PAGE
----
If you’re frustrated by the amount of time your yearbook recruitment process takes each year, it might be time to rethink your approach.
No, we’re not talking about whether you should still be proving the benefits of joining the yearbook committee or whether you should be using a yearbook staff application; we’re talking about where you focus your recruitment efforts in the first place.
Given all the other clubs, sports, and activities students participate in, assembling your dream team might seem like … well … a dream. But, if you get strategic about your yearbook recruitment process, you’ll have a better shot at pulling it off.
Where to Focus Your Yearbook Recruitment Efforts.
- Social media – They’re going to be on it 24/7, anyway, so why not reach out to students through what they love most: the Internet. Create a committee-recruiting page on Facebook, follow students on Twitter, and post pictures of past yearbooks on Instagram. You can even have some fun teachers help you create a quirky Vine video to spark interest. The more you are out there, the more buzz you’ll create throughout the school.
- Posters – Even with the rise of social media, nothing gets students’ attention more than a good-old-fashioned poster on the school walls. Create bright, colorful, straight-to-the-point posters and plaster them all over school. Write a call-to-action for the students, and encourage them to bring their creativity and leadership to the yearbook committee.
- Host an open house – Host an open house in the yearbook room. Put out past yearbooks, candid photos, and play graduation videos – getting people in the nostalgic mood. Once you have everyone there, you can talk more about the goals of yearbook and how valuable an experience it is to work on it. And don’t forget to advertise that there will be refreshments – people will do most anything for free food!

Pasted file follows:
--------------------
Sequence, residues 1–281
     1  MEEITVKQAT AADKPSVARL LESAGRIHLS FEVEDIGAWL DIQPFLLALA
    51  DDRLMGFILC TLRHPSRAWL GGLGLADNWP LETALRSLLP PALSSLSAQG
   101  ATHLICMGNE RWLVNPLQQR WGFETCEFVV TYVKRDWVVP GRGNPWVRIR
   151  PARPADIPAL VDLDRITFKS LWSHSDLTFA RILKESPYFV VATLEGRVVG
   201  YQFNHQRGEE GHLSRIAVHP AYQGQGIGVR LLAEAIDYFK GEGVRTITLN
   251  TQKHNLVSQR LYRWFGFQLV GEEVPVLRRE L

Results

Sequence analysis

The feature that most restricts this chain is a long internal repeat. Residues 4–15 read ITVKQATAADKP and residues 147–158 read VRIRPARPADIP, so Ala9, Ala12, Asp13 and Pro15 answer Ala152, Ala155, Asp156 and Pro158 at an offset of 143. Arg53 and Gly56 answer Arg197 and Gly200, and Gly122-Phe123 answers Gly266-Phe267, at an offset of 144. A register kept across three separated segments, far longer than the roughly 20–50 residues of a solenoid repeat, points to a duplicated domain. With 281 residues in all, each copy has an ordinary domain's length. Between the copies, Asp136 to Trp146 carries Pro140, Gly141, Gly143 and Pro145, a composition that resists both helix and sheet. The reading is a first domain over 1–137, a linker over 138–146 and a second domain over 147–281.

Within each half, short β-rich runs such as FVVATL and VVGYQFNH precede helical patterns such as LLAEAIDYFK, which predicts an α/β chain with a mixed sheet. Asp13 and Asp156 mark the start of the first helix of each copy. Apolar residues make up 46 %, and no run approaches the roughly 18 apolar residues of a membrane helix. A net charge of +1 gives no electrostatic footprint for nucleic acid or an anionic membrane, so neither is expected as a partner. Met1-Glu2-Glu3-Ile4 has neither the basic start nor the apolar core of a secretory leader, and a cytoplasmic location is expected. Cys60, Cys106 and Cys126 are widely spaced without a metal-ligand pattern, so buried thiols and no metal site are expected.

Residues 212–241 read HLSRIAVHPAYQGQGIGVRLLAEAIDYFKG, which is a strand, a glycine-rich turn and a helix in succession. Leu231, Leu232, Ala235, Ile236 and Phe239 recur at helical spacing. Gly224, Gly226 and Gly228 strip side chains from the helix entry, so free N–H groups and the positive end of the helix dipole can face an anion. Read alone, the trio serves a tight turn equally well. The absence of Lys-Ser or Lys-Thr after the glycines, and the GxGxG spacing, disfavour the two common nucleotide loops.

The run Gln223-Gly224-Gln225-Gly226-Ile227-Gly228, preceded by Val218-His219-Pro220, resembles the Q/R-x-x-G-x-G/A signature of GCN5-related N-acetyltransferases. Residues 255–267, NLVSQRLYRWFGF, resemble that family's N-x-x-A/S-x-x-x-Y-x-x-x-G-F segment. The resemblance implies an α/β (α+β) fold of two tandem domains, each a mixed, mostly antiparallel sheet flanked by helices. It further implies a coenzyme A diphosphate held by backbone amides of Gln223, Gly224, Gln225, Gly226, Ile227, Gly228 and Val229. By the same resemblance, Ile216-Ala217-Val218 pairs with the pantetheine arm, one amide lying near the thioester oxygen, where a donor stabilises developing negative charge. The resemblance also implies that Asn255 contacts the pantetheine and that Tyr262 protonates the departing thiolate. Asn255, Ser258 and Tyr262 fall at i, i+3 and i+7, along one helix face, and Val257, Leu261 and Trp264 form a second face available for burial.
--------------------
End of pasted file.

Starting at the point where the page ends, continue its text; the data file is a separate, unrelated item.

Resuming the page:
- Ask the staff – Email teachers and staff with some specific qualities you are looking for. Ask for recommendations of students they think would be good candidates for the committee. It’s always helpful to have a team keeping an eye out!
- Target promising prospects – Flattery is everything, so find those students that are excelling in English, photography, graphic design, and more. Speak to each student personally, and explain that you have been impressed with his or her skills, and think they would make a great addition to the yearbook committee.
- Hold nominations – Alternatively, ask the student body to make anonymous nominations for those peers that have hidden talents. This way, students won’t have to be shy about coming forward themselves. They will be called upon by popular demand.
- Make presentations – Find other clubs or groups that possess skills essential for the yearbook – such as FBLA, spirit squad, newspaper staff, and art club. Ask to make a presentation at the next club meeting, and plead your case for why they should join the yearbook committee.
- Focus on Freshmen – Students new to high school are looking to find their footing in a new building, and a place they can call their own. So, what better way than joining what reflects the school most – the yearbook? Pitch to freshman classes and tell them all of the benefits to joining yearbook – they will meet new people, possess a voice in the school, and have a creative outlet.
- But don’t let Seniors slip away – A major portion of every yearbook is dedicated to seniors. So, pitch to every senior class that the yearbook is a reflection of them, and that their voice should be heard. If that doesn’t work, remind them that colleges love to see extracurricular activities on an application.
- Expand on the typical committee – A yearbook committee doesn’t have to be made up of student volunteers. Encourage students to do independent study in journalism, photography, graphic design, etc., and have yearbook be their credit for the course. Also, recruit staff members and teachers to the committee, and seek parent volunteers.
- Sweeten the deal – Bring out the swag bags! Hand out personalized school-themed tokens, such as pens, buttons, notebooks, and canvas bags. Get people excited about the school, and encourage them to be a part of it through yearbook.
- Don’t go it alone – Find at least one person that you think would be good at recruiting people. This could be “Miss School Spirit” or the next in line for Editor-in-Chief. Whoever it is, everything is better in pairs – so grab the right person and get them on your team.
While your yearbook recruitment efforts might still take some time, you’ll likely cut down the number of hours you spending putting together your yearbook team if you know where to focus your efforts. And you’ll likely end up with a better group of students, too.